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After years of Google’s silence, Wear OS is finally back in the limelight. New partnerships with Samsung and Fitbit may have reimagined Android-friendly wearables, but there’s still a lot we don’t know. These two companies currently power some of the most popular wearables for Google’s mobile OS, leaving many current owners unsure about the future of their watch.
Three players are involved in this new platform: Google, Samsung and Fitbit. Any watch currently running Wear OS seems like a prime candidate for getting this upgrade, but it’s not that simple. Very few watches are running on current generation hardware. Currently, Mobvoi’s 2020 flagship TicWatch 3 Pro and its budget-friendly TicWatch E3 are the only wearables powered by the Snapdragon Wear 4100, with much of its competition still relying on the older Wear 3100. This includes Fossil, which has not been confirmed by company officials. Its existing watches will be upgraded to Google’s new Wear OS.
We are combining the best of these @wearosbygoogle and @Samsung Mobile Tizen into a unified wearable platform. Apps will start faster, battery life longer and you have more options than ever before, from device to apps and watch face. #googlio pic.twitter.com/vj2aYZD81x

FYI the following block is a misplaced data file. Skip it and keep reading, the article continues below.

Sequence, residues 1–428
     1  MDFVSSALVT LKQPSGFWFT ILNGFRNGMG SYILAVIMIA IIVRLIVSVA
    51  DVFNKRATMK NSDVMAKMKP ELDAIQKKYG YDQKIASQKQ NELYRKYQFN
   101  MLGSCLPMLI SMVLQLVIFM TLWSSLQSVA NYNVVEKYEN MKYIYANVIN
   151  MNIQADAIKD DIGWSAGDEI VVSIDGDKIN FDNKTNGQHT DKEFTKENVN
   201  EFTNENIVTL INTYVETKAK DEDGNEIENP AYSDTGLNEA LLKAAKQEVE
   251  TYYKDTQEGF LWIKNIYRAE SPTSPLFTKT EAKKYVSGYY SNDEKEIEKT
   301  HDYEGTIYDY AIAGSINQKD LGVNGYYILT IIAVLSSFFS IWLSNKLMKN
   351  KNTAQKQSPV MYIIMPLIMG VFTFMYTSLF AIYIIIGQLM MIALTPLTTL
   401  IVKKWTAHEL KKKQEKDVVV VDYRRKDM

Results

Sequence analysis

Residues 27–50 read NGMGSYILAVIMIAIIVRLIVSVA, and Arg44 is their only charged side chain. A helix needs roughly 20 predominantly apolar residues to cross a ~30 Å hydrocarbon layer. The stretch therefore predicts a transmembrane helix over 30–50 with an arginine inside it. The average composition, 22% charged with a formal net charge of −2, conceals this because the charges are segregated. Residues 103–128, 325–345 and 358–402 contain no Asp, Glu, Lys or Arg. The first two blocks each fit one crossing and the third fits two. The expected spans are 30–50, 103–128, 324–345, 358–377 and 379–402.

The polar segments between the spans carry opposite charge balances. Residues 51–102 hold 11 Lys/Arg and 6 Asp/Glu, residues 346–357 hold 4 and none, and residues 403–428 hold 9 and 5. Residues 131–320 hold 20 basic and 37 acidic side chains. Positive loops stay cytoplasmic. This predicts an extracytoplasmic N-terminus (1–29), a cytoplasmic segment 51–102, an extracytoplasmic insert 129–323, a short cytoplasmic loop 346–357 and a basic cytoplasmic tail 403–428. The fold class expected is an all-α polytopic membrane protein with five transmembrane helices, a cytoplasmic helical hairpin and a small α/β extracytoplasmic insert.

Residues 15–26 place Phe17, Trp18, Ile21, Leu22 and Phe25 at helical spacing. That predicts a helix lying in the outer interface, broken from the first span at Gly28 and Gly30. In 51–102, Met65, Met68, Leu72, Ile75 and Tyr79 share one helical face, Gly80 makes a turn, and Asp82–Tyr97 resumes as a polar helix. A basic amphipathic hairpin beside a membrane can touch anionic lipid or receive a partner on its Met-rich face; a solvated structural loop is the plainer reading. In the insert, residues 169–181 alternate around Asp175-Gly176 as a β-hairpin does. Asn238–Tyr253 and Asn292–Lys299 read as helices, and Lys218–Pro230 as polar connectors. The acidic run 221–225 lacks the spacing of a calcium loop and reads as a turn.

– Google Google) 18 May 2021
While Mobvoi is silent on whether its wearables will be updated, we’ve heard from Qualcomm on the subject. Apparently, both the Wear 3100 and 4100/4100+ are “capable” of running this year’s refreshed software. However, Google followed up Qualcomm’s comments with a vague statement about the new technical requirements, which lowered the expectations of current watch owners.
Thankfully, Samsung’s plans are more concrete. It won’t upgrade current Tizen devices to Wear OS, though that hasn’t been left up to dry owners. Samsung is promising at least three years of software support from each launch date. Hence, under this new policy, last year’s Galaxy Watch 3 will receive the update by August 2023. If you currently own a Samsung watch and want to make the switch to Wear OS, you’ll need to buy Samsung’s upcoming (and totally leaked) Galaxy Watch 4. However, you won’t feel completely out of place, as it will sport a custom One UI skin.
Finally, there’s Fitbit. Google has completed its purchase of the fitness-focused company in early 2021, and we wait to hear whether its future will be based on hardware wear. Co-founder James Park confirmed plans at yesterday’s keynote to build high-end watches running Google’s Wearable OS, but no public plans for what might happen with last fall’s flagship trackers. is not. Unlike Samsung, however, it looks like Fitbit plans to continue offering low-cost wearable devices based on its own operating system, like the Fitbit Lux announced earlier this year.